Of course, they certainly wouldn't if they watched it and then read all of these comments. I have often thought that the small amount that I know of that have turned away from the church do to the infighting about what means what have got to only be the tip of the iceberg.

Karin - "So really it's pretty hard to know exactly when someone becomes a Chrsitian, or when they are 'in' or 'out'.

The whole concept you are presenting here puzzles me. If you open your heart to Jesus, does he take his time getting there? Does he wait until he is sure that you are sure?

This doesn't make any sense to me. Take Warren's "New Management" reference. You take a job as a waitress, the very first day you work, you are a waitress. You may be a bad one. You may be a good one. You may spend your entire time in this career field trying to improve yourself and do it right, but you are what you are.

Contrary to all of this garbage I watch so many of you Christians throw around about who really is a Christian and who isn't, the answer is simple. If you profess your belief in Jesus Christ, well guess what. You are a Christian. Whether you live your life as a good Christian or not is a completely different story.

A gate and a way. I like the analogy Seraphim.

Au contraire; some professors are not possessors, as Spurgeon might put it. Romans 10 '8But what does it say? “THE WORD IS NEAR YOU, in your mouth and in your heart”—that is, the word of faith which we are preaching, 9that if you confess with your mouth Jesus as Lord, and believe in your heart that God raised Him from the de*d, you will be saved; 10for with the heart a person believes, resulting in righteousness, and with the mouth he confesses, resulting in salvation.'
1John 2 '18Children, it is the last hour; and just as you heard that antichrist is coming, even now many antichrists have appeared; from this we know that it is the last hour. 19They went out from us, but they were not really of us; for if they had been of us, they would have remained with us; but they went out, so that it would be shown that they all are not of us.'
In any case, anyone who claims that he is a Christian because he thinks Christ said a bunch of nice things that have inspired him to do what he thinks God wants him to do, but has not considered the fact that he stands condemned before a holy God, and has not put his trust in Jesus to have paid the price for his wrongdoing in God's face, might consider actually reading his Bible...

The whole concept you are presenting here puzzles me. If you open your heart to Jesus, does he take his time getting there? Does he wait until he is sure that you are sure?

Isn't it us who take our time accepting him? - and we can accept Jesus and his teachings on different levels.

This doesn't make any sense to me. Take Warren's "New Management" reference. You take a job as a waitress, the very first day you work, you are a waitress. You may be a bad one. You may be a good one. You may spend your entire time in this career field trying to improve yourself and do it right, but you are what you are.

Maybe it is better to think along the lines of serving an apprenticeship or being a trainee.

Is there much difference, Seraphim. When you become a Christian you start to live the Christian Way, but isn't becoming a Christian a process, and usually a fairly gradual one.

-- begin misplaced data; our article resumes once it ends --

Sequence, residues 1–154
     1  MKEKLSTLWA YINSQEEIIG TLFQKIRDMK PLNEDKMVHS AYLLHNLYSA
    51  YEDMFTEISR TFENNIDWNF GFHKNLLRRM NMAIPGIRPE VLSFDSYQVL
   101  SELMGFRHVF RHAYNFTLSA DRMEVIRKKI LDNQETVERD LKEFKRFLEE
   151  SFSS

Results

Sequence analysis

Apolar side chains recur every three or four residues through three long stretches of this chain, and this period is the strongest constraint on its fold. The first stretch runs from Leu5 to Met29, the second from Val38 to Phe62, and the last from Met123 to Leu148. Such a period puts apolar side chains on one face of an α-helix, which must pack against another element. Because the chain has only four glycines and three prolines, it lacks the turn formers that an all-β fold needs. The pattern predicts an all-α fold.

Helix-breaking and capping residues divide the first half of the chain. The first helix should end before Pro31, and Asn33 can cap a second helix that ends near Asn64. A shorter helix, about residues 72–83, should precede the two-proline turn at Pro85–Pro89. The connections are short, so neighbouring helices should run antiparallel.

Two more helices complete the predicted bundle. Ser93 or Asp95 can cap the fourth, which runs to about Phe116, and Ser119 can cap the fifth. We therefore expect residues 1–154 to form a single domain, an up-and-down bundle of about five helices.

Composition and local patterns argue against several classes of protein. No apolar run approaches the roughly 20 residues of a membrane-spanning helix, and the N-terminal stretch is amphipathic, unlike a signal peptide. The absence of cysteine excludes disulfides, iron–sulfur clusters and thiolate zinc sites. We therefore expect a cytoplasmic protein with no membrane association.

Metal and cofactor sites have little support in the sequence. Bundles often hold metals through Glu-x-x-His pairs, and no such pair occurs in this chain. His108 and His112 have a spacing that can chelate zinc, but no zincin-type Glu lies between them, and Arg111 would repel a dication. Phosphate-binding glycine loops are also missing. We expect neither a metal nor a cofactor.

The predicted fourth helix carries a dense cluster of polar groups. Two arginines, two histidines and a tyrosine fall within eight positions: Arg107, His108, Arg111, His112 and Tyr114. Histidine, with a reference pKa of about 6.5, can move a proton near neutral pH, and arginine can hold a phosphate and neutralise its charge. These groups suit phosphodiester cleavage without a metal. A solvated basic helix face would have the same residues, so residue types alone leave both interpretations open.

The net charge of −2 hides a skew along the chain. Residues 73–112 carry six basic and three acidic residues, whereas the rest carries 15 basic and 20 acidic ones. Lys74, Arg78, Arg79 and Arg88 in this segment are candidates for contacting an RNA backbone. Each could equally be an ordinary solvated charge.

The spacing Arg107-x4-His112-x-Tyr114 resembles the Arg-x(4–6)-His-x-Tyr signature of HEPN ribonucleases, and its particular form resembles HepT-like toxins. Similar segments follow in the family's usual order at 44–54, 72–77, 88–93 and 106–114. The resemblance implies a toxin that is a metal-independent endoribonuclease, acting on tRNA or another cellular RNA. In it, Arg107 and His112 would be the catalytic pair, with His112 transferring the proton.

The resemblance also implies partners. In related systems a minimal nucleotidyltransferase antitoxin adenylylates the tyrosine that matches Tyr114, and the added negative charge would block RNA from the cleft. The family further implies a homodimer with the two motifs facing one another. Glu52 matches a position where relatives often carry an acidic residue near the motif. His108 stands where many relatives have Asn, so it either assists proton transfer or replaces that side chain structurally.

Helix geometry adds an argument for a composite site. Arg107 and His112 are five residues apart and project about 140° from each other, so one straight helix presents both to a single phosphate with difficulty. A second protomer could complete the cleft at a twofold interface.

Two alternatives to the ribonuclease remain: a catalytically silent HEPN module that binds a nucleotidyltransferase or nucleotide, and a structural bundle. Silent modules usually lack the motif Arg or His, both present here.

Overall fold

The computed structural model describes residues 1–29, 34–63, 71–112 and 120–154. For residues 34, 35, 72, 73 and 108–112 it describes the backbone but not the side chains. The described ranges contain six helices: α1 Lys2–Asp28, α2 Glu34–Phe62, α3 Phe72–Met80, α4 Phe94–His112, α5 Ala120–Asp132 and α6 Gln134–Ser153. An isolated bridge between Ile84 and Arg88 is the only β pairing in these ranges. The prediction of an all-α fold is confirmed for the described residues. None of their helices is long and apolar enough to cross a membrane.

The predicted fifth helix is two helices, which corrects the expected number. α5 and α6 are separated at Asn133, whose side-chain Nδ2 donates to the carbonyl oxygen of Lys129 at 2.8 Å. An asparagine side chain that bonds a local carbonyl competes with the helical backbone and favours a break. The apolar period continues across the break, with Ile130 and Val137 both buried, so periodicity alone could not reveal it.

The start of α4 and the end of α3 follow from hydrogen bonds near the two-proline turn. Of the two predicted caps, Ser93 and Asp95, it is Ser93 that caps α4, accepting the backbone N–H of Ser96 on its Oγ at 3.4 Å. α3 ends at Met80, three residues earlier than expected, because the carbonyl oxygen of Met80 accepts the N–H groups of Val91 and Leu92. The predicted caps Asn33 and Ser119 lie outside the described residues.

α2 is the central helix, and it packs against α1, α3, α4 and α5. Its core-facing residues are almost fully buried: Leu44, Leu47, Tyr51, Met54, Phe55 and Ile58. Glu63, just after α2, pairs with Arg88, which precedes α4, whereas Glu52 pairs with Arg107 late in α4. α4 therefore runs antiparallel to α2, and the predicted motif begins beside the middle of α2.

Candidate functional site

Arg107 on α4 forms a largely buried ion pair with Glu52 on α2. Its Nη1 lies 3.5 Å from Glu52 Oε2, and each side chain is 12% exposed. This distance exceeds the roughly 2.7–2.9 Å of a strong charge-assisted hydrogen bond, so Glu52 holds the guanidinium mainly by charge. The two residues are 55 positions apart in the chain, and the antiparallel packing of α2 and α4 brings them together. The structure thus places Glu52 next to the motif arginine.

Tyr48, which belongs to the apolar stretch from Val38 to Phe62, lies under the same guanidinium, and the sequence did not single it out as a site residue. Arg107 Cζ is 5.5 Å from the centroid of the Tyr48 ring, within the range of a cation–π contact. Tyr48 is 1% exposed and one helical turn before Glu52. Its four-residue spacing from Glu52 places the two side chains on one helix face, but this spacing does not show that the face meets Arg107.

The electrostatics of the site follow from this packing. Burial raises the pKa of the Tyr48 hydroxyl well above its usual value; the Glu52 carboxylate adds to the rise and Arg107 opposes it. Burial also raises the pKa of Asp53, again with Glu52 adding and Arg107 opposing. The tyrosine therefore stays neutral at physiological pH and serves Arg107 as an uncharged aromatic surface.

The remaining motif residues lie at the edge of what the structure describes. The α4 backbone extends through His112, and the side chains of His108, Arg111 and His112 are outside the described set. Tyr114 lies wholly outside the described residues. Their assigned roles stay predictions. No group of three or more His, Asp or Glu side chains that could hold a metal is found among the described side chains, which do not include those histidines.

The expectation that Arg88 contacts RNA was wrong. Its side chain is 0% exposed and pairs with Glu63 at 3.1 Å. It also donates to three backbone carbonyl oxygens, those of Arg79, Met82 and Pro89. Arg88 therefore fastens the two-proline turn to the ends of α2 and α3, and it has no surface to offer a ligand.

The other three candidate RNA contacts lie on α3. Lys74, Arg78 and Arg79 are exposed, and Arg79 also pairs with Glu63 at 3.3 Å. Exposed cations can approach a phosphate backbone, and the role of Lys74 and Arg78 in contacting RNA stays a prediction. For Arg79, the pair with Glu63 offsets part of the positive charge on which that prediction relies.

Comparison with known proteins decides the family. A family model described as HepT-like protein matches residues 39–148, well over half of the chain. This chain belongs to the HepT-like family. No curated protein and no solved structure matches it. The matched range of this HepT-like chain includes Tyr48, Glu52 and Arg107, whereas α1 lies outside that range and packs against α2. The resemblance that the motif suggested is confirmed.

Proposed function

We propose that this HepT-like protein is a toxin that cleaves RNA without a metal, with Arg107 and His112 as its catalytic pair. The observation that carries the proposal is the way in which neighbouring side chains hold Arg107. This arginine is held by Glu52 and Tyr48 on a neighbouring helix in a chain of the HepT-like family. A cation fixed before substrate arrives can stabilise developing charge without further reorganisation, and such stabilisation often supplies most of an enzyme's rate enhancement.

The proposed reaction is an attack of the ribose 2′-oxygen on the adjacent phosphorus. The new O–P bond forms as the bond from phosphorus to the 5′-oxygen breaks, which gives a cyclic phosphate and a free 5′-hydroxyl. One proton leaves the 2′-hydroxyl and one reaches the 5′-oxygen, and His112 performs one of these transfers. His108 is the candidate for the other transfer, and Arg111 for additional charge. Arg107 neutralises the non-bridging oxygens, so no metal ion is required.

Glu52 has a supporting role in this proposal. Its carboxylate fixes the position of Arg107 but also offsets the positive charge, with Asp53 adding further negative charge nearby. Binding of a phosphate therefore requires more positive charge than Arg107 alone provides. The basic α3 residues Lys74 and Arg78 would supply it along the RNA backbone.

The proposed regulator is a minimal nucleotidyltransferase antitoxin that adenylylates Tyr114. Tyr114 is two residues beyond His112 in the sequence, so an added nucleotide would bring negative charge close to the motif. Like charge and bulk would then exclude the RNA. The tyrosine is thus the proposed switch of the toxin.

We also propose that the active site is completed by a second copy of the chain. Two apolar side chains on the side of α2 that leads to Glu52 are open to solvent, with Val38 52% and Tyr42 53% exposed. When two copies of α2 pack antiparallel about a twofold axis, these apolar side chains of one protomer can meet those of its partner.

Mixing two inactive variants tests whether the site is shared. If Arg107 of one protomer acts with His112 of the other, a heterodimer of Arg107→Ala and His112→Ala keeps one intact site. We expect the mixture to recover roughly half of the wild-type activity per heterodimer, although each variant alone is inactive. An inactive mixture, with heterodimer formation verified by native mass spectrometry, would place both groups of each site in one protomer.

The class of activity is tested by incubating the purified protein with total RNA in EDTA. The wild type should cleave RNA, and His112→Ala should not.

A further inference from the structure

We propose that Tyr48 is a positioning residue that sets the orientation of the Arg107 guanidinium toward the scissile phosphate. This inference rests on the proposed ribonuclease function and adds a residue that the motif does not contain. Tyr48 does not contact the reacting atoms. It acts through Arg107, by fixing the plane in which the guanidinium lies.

No. I don't believe so. Salvation is a free gift. Not of works. Your process analogy posits that you 'become' a Christian by 'doing something'. I'm still very much okay with what I believe the Gospel has taught from the beginning.

You become a Christian by 'believing something' -- I become a new Creature in Christ after I accept the free gift of Salvation and God starts the transformation from the inside out. That whole 'He who began a good thing in you thing'.

(John 3:14-19, Romans 10:9&10, Ephesians 1:18 and I John 5:13)

Not to mention, one of the main elements missing from the 'Christian as process, as apprenticeship' is the fact that the choosing begins with God, not with us.

(John 1:12) But as many as received him, to them gave he power to become the sons of God, even to them that believe on his name:

(John 1:13) Which were born, not of blood, nor of the will of the flesh, nor of the will of man, but of God.

The moment I was 'born' I was my father's son. Same with Salvation. The moment I was Born Again (or from Above) I was transformed.

God's Peace

Seraphim

Au contraire; some professors are not possessors, as Spurgeon might put it.

Doc, what is interesting to me, is that inMatthew 7:21 when Jesus is telling them "I Never Knew You" the folk claiming that Jesus should know them were doing so on the basis of what they 'did for Him'.. Rather than claiming a Relationship with Him.

John 17:3

God's Peace

Seraphim

Fr. Matt, are you saying you don't see the difference between 'becoming a Christian' and then Living like one?

Well a Christian is a "Christoi"-little Christ or Christ-like one. So aren't we always becoming one who is "like-Christ"? I also have a problem with the idea that we are saved by faith "alone". If one believes and has no works such a faith is a sham. The Church fathers, confirming scripture, teach that faith and works work together in salvation. I am sure that many will citicize this position, but what can I say, I am not Protestant.

There are things the Orthodox church can teach us Protestants. :0)

. . . as can the Catholics. Not sure why I think you are Orthodox Fr Matt.